Salt (chemistry)

In chemistry, salts are ionic compounds that can result from the neutralization reaction of an acid and a base. They are composed of cations (positively charged ions) and anions (negative ions) so that the product is electrically neutral (without a net charge). These component ions can be inorganic such as chloride (Clâˆ’), as well as organic such as acetate (CH3COOâˆ’) and monatomic ions such as fluoride (Fâˆ’), as well as polyatomic ions such as sulfate (SO42âˆ’).

There are several varieties of salts. Salts that hydrolyze to produce hydroxide ions when dissolved in water are basic saltsand salts that hydrolyze to producehydronium ions in water are acid salts. Neutral salts are those that are neither acid nor basic salts.Zwitterions contain an anionic center and a cationic center in the same molecule but are not considered to be salts. Examples include amino acids, many metabolites, peptides and proteins.

Molten salts and solutions containing dissolved salts (e.g. sodium chloride in water) are called electrolytes, as they are able to conduct electricity. As observed in the cytoplasm of cells, in blood, urine, plant saps and mineral waters, mixtures of many different ions in solution usually do not form defined salts after evaporation of the water. Therefore, their salt content is given for the respective ions.

## Properties

### Color

Salts can appear to be clear and transparent (sodium chloride), opaque, and even metallic and lustrous (iron disulfide). In many cases the apparent opacity or transparency are only related to the difference in size of the individual monocrystals. Since light reflects from the grain boundaries (boundaries between crystallites), larger crystals tend to be transparent, while polycrystalline aggregates look like white powders. Of course, some salts are opaque.

Salts exist in many different colors, e.g.

Most minerals and inorganic pigments as well as many synthetic organic dyes are salts. The color of the specific salt is due to the presence of unpaired electrons in the d-orbital of transition elements.

### Taste

Different salts can elicit all five basic tastes, e.g., salty (sodium chloride), sweet (lead diacetate, which will cause lead poisoning if ingested), sour (potassium bitartrate), bitter (magnesium sulfate), and umami or savory (monosodium glutamate).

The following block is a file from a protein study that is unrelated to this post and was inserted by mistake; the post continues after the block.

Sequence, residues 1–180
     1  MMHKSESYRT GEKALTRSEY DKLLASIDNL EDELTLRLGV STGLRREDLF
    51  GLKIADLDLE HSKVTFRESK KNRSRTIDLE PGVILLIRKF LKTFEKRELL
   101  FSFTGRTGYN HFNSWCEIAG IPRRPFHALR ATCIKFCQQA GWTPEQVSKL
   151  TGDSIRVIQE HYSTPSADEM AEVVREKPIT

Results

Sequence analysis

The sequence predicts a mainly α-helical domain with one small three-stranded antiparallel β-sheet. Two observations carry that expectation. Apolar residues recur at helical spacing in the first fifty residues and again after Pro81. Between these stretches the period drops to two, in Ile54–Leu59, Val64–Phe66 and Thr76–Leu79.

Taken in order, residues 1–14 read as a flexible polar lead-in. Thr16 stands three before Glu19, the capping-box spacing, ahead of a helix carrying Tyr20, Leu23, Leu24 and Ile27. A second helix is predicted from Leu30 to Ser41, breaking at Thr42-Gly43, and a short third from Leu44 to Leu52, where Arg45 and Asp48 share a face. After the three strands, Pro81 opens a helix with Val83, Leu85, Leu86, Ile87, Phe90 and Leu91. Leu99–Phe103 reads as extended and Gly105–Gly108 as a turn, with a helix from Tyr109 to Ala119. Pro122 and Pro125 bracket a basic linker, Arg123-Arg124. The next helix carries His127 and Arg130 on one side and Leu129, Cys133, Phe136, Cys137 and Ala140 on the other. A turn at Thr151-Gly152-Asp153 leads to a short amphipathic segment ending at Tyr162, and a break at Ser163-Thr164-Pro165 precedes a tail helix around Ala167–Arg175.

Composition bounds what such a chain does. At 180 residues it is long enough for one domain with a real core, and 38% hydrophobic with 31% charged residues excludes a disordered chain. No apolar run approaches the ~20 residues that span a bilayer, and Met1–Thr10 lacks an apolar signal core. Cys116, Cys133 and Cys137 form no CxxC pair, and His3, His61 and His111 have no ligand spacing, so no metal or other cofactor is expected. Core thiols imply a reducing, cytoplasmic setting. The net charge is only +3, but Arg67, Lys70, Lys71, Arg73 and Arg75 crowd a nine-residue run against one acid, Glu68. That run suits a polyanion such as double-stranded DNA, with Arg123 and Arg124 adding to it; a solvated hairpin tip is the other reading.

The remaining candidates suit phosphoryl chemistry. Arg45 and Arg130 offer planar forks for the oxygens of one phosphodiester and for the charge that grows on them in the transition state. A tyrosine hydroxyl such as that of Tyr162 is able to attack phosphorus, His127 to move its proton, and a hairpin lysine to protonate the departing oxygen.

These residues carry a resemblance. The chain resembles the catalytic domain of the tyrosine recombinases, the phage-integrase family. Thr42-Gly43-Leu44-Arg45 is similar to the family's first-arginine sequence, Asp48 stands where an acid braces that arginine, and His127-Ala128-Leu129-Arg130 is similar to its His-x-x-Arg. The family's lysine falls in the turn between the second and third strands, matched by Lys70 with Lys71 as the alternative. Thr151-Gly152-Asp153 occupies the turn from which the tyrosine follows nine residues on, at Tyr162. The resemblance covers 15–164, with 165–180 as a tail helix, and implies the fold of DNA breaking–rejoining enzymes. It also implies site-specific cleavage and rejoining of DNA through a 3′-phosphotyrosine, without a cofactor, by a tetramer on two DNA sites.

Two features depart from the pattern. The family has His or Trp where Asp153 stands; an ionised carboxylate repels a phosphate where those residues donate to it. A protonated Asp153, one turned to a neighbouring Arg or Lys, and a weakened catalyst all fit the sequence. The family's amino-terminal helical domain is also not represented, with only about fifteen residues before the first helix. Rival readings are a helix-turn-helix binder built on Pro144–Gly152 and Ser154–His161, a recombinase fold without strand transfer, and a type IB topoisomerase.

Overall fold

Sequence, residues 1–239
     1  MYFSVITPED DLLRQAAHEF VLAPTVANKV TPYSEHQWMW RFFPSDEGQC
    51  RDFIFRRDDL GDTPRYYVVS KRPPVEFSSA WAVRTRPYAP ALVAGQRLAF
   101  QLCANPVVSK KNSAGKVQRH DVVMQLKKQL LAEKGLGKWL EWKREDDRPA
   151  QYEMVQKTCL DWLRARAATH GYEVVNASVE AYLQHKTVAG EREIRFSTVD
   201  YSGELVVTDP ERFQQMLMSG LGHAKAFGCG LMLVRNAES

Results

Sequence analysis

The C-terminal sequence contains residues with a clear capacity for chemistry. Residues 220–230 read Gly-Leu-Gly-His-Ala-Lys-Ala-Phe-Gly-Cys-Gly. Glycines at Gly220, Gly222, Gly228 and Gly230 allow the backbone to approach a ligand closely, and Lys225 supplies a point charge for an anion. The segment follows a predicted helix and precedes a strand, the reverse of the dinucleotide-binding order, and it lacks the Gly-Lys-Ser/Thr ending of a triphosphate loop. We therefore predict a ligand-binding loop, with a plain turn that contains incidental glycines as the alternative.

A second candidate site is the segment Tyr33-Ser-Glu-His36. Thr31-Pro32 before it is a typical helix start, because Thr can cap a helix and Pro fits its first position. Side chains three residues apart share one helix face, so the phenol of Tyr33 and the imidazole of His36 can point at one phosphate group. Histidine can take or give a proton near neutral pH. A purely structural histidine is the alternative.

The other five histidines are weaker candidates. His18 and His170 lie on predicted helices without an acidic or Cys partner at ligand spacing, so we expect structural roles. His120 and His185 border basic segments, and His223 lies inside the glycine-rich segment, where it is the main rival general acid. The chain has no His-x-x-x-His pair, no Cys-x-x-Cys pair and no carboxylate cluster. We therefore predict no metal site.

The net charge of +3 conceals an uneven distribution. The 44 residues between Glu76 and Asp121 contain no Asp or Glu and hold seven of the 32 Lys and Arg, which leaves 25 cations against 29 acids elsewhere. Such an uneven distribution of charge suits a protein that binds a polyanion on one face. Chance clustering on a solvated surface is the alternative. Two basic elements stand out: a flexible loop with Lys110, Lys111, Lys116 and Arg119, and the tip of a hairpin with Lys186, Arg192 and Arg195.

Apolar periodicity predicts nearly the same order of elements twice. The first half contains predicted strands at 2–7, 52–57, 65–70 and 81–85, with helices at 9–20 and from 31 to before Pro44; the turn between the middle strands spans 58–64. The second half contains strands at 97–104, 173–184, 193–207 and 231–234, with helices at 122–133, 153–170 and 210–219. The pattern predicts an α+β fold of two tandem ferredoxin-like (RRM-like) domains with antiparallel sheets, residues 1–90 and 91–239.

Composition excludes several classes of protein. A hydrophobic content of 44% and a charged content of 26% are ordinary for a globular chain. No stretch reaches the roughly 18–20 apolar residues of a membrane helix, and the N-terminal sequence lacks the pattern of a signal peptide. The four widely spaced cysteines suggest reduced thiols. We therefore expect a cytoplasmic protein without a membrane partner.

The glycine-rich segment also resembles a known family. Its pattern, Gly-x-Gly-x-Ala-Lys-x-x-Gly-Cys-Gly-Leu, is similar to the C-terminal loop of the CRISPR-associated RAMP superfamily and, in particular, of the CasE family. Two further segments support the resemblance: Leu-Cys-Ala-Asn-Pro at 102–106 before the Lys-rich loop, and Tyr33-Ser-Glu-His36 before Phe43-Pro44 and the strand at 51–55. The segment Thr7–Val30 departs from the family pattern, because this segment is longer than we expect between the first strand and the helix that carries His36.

### Odor

Salts of strong acids

Question:what is crystillization

Answers:---Deliquescent salts have a great affinity for surrounding moisture, and readily absorb water vapours to form a solution. E.g: calcium chloride; zinc chloride, magnesium chloride; sodium hydroxide(base); lithium chloride; ammonium nitrate; magnesium nitrate; lithium sulfide; magnesium iodide; and potassium chloride ---Hydrated salts are those which contain water of crystallization - different salts attract different number of water molecules. E.g: Na2CO3+10H2O ; MgSO4+7H2O; CuSO4+5H20; CoCl2+6H2O; SnCl2+2H20; nickel(II) sulphate; aluminum nitrate ; lithium nitrate; calcium nitrate; CaCl2+6H2O; and BaCl2+2H2O. Crystallization is the the process of the removal of a solid from a solution by increasing its concentration above the saturation point, such that excess solid separates out in the form of crystals. It is used in separation and purification of a substance.

Question:The original question reads: We place a hydrated salt into a crucible whose mass is 115.624 grams. The mass of the crucible is now 117.470 grams. After heating the sample, the mass is found to be 117.188 grams. What is the formula of the hydrated ionic salt?

Answers:You can figure out the number of grams of water per grams of salt. Mass water = 117.470-117.188 = 0.282 g Mass salt (without water) = 117.188-115.624= 1.564 g. Now 0.282 g of water is 0.282/18 moles of water = 0.01567 moles. Without knowing the salt, we can not figure out how many moles there are of that. If we did we would then work out the ratio of moles of water to moles of "rest" and that would give us the formula as salt.xH2O.

Question:We had a lab where we heated Barium Chloride hydrate. In the end we are soposed to find the empirical formula for hydrated salt. Heres my data: Masses: Crucible and cover: 14.71g Crucible, cover, salt: 18.33g Crucible, cover, anhydrous salt: 17.76 If anyone could help that would be great. please explain to me how you got the answer.

Answers:Crucible and cover: 14.71g Crucible, cover, salt: 18.33g Crucible, cover, anhydrous salt:17.76g mass of water 0.57g mass of salt3.62g moles of water 0.03167 (/18) molar mass of BaCl2=208.23g/mol (anhydrous) moles of BaCl20.0174 ratio of BaCl2 : H2O ~1:2 so the formula is BaCl2.2H2O

Question:What is the difference between a hydrated salt and an anhydrous salt?

Answers:The difference is water. A hydrated salt is one that has one or more (usually more) water molecules per salt "molecule" that are actually part of the crystalline structure of the salt. Often when the hydrated salt is heated, and the water removed, (dehydrated) the crystal disintegrates to a powder of the anhydrous (literally, "without water") salt. That occurs when copper (II) sulfate pentahydrate is dehydrated by heating it. It goes from a pretty, dark blue crystal to a light blue to white powder. CuSO4*5H2O --> CuSO4 + 5H2O